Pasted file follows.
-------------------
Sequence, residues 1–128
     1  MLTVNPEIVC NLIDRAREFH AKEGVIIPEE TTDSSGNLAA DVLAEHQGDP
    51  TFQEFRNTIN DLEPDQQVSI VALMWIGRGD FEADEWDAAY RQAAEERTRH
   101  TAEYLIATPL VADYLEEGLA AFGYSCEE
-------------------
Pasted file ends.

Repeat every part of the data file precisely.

Sequence, residues 1–128
     1  MLTVNPEIVC NLIDRAREFH AKEGVIIPEE TTDSSGNLAA DVLAEHQGDP
    51  TFQEFRNTIN DLEPDQQVSI VALMWIGRGD FEADEWDAAY RQAAEERTRH
   101  TAEYLIATPL VADYLEEGLA AFGYSCEE